Sunday, September 23, 2018

When a CM Issued Owner-Disputed Subcontractor Progress Payments, It Did so at Its Own Risk and Cannot Recover Costs Ohio Appeals Court Rules

In early 2004, Manley Architectural Group (MAG) entered into an architectural services agreement with Dr. Steven Santanello (Santanello) for a $1.6 million, 5,800 s.f. home complete with stable and riding area, sitework, pond, tennis court, and outdoor pool.  During contract formation, MAG also presented Santanello a cost savings option of utilizing it as a construction manager (CM) during construction. This would be done lieu of Santanello hiring a general contractor with Santanello holding all of the subcontracts. MAG’s CM services would include, “work[ing] directly for [Santanello] bidding out to the subcontractors and suppliers on your behalf and managing the entire construction process...Added benefits are we have more involvement in the details from start to finish, you have access to all of the subcontractor bids and we can make sure the construction is performed properly.” Santanello elected for the CM option presented by MAG.

During the course of construction, the barn project suffered water infiltration problems at the roof as well as water level retention issues at the pond project.  At that time Santanello stopped paying progress invoices submitted by MAG.  A number of years after construction was finished, MAG filed suit against Santanello for breach of contract to which Santanello filed a counterclaim for breach of contract based upon improperly supervising the construction of the pond and barn. 

A bench trial was held and the trial court found the CM agreement did not make MAG a guarantor of the subcontractor’s work on the roof and pond. Furthermore, it found Santanello was in privity with the subcontractors and ultimately remained responsible for performance and deficiencies in the work.  But, it also reasoned MAG had a responsibility to monitor the work and inform Santanello of any non-conforming work.  

The trial court ultimately found MAG was owed compensation by Santanello for: 1) payments it made to subcontractors on MAG’s behalf, 2) unpaid design fees, and 3) unpaid CM fees with total interest in the amount of $224,270.  The court then found MAG was in breach as to monitoring of the roof installation at the barn awarding Santanello the cost of a replacement roof with inflation in the amount of $160,000.  Each party cross-appealed with Santanello asserting error in the award of payments to subcontractors and MAG claiming error in the award of the cost of the roof (among other errors).

The Tenth Appellate District Court first analyzed the payments MAG issued to subcontractors in the amount of $55,577.  The Court pointed to MAG's statements that it paid the subcontractors to keep them engaged and working so the project could be completed. It "made the decision on its own to start to pay some of these people just to get them back to finish the work."  The Court found that MAG did not have the authority to issue payments on the behalf of Santanello because in the CM arraignment MAG suggested, Santanello was to act as the de facto general contractor and hold all the subcontracts.  The Court further pointed to the fact that liens had been attached to the property by subcontractors and thus there was a remedy for disputes between them and Santanello.  Ultimately the Court reduced the damages award to just the design and CM fees in the amount of $27,179.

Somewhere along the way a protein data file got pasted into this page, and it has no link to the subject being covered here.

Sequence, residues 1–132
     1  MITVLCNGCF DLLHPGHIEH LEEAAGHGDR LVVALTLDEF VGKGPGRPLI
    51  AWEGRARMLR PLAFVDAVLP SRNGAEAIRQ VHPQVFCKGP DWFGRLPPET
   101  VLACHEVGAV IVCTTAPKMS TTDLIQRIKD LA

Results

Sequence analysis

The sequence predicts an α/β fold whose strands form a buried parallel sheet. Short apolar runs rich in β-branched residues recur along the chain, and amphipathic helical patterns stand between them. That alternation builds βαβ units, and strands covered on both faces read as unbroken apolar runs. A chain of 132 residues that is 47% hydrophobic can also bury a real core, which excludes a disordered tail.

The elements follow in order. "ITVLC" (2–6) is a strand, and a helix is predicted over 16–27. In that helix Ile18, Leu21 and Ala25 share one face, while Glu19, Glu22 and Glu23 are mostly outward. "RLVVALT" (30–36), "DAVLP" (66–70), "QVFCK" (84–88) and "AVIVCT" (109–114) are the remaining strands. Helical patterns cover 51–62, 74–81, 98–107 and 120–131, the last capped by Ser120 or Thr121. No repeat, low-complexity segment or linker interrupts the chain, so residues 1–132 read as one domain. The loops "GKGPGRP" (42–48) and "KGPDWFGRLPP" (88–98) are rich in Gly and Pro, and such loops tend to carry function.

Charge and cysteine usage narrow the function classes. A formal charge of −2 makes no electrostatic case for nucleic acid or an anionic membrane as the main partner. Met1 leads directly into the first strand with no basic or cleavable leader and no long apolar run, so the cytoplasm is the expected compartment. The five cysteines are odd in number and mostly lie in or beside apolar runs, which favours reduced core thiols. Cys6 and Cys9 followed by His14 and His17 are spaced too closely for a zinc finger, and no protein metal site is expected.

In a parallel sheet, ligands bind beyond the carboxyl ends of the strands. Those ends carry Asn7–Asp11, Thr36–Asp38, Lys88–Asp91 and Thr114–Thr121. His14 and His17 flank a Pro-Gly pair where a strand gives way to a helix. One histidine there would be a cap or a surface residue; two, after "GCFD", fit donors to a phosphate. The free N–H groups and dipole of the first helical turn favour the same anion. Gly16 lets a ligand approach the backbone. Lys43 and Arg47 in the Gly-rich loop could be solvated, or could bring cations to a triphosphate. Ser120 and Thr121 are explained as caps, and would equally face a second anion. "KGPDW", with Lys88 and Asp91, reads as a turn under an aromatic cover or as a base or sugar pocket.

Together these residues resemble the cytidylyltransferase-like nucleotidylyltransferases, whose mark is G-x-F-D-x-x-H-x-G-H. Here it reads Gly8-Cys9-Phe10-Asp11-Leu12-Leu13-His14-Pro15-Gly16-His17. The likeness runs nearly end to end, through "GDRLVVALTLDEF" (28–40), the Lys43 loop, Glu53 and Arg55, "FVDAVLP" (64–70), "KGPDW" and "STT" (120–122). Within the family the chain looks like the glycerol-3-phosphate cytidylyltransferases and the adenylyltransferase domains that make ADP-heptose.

The Court next reviewed MAG’s cross-assignment of error that it was liable for the $160,000 cost for the barn roof.  The Court examined the trial court’s definition that MAG’s CM services do not require it to be the ultimate guarantor of the work, but then the trial court ultimately required MAG to guarantee the roof work by imposing all liability for leaks on it.  The Court again pointed to the record and MAG’s efforts to identify and correct the defective work going so far as hiring additional roofing companies and making structural changes to the work.  The Court found these remedial actions satisfied MAG's CM responsibilities and since it was not responsible for the ultimate installation, it should not be held responsible for a new roof system. Accordingly the Court vacated the $160,000 damages award to Santanello.


The author, Brendan Carter, Esq., is the Director of Industry Advancement & Labor Relations with the AGC of Massachusetts based in Wellesley, MA. He is a monthly contributor to The Dispute Resolver and a former Student Division Liaison to the Forum on Construction Law.  

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